True and meaningful stories involve conflict and loss. The main characters—even the heroes and heroines—must struggle against opposition that tests their resolve, their mettle, their wits, their hard-won talents, and their humanity. But the characters must start with at least some of these positive graces. The conflicts must be resolvable, rather than engrained in the hostile injustice of an uncaring universe. And the loss must be retrievable, or at least capable of being ameliorated, replaced with something better and more lasting, or accepted with a renewed and refreshed spirit. Finally, the characters must learn and grow, develop emotionally and spiritually, and come out at the end of the story in a new, better, more complete, or more resilient psychological space.

As a novelist, I reject the doctrine of celebrating the afflicted and denigrating the comfortable. Of course, I’m going to favor characters who start with at least some self-awareness, which includes their knowledge—and the reader’s—about their own faults and deficits as well as their talents and strengths. And although the characters may start in a comfortable position, or at least with their boat on an even if unsteady keel, it’s my job as a storyteller to pull away the cushions, rock the boat, and toss the character out on a hard shore. This is how personal character and resolve are tested, talents revealed, and native wit and resourcefulness demonstrated.

My business is to tell an entertaining story that reflects a certain kind of life: the kind that my readers will find interesting, instructive, or enlightening. Since most of my readers are at least moderately well-educated and possess the ambition and energy to set themselves up in a position where they have the money to buy and the time to read books, I am writing for a certain kind of person.3 Add to that my own interest in complex situations; my fascination with technology and machinery; my occasional bafflement at the mechanics of personal relationships, puzzles, and politics; and my drive to follow the logical consequences of actions in the past which promise to affect the future—and you have a very particular kind of writer who hopes to attract a like-minded reader.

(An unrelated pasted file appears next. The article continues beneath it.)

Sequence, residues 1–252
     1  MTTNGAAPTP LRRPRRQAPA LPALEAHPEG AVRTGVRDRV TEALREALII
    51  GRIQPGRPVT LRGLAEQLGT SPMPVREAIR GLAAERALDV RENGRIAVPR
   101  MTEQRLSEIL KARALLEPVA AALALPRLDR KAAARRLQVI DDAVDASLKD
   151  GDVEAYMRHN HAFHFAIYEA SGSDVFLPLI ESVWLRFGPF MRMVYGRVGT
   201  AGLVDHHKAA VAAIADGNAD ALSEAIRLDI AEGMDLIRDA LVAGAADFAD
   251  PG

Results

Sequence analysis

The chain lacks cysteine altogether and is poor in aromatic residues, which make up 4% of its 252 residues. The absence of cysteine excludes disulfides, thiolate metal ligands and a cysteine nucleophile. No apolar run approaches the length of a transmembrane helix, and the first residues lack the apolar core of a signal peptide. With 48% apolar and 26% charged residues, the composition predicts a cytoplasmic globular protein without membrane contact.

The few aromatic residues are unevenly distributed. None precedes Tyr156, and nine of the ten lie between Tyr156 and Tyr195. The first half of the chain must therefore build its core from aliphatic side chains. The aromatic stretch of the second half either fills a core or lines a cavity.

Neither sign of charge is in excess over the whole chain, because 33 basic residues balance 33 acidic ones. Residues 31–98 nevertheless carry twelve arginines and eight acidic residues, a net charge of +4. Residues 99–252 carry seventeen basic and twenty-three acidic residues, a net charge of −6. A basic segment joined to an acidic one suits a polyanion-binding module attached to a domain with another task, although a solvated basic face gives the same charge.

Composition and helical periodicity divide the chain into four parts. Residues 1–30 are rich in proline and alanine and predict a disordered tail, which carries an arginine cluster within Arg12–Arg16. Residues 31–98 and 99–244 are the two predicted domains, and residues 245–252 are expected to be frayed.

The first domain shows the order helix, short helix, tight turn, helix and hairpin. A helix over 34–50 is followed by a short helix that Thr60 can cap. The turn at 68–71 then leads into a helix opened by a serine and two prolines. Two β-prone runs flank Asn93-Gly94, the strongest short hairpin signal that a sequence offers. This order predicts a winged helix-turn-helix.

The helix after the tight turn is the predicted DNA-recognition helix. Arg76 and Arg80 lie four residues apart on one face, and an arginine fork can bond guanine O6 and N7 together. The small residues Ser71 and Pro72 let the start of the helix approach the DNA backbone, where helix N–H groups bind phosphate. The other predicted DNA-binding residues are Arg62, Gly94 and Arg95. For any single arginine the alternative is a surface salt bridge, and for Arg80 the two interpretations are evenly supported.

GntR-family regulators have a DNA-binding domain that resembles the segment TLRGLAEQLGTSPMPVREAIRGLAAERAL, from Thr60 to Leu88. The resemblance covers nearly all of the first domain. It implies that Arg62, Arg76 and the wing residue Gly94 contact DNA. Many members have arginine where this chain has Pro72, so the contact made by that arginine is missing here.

In order to “engage”—to use that literary word—and satisfy these readers, I create and set in motion a certain kind of character: skilled, resourceful, self-reliant, wary, resilient, and tough. Whether my lead character is a man or a woman—and I am comfortable impersonating either gender4—the character must be ready to cope with problems, struggle against adversity, weigh resources and take chances, risk death and dismemberment, keep moving forward, and not complain about the cruelties of fate, the tactics of the opposing camp, or the burdens of personal weakness. In short, none of my characters—or my readers, who I hope would want to be like them—has any notion of being either smugly comfortable or sorrowfully afflicted.

I also like to write books from multiple viewpoints. In my stories, A may know something that B must learn or can only guess. And C may be waiting on one side of a door on which D is about to knock—or which he will shortly break through. In these cases, where I and my reader temporarily assume the viewpoints and personae of many different characters, I shy away from having any outright “mumping villains,” psychopaths, or despised wretches driving my stories. Most people, I believe, are trying to follow their beliefs and do their best—although some may be mistaken in those beliefs, and their perceptions may put them in conflict with the people around them. I find it much more satisfying to toss the reader into a situation where every character has a little bit of right and a bit of wrong on their side, rather than paint some as virtuous heroes and others as dastardly villains. I think this is also a truer picture of the way the world works.

Finally, I would rather engage my readers with a positive vision of how things might be than disgust them with a horrific vision of how things supposedly are. I want to catch their minds with honey, not vinegar. But then, sometimes I’m just an old romantic at heart.

1. That same convention yielded another fan in the audience who insisted that the only basis for modern stories was “race war, class war, gender war.” Oh, my! Where do I begin with a vision so narrowly focused on, and so tightly blinkered by, the political sphere?

2. Unless, of course, the main character is a superhero. Superheroes are magical beings operating under their own rule sets.

3. I decided long ago that I’m not trying to write for people who have no educational background or knowledge base, no sense of curiosity or wonder at the universe, and no interest in reading for pleasure. Such people simply are not going to buy or invest their time in books. Duh!

4. When I write from a character’s viewpoint, I try to reflect the inner person, who has goals to reach, friends and loved ones to keep and cherish, personal honor to defend, self-respect and public reputation to win and keep, and a place or niche in the larger society and economy to maintain. These are attributes that go deeper than the affiliations of gender. While I might offer a physical description to place the character in the reader’s mind, I usually don’t bother with fixations on secondary sexual characteristics and bathroom habits.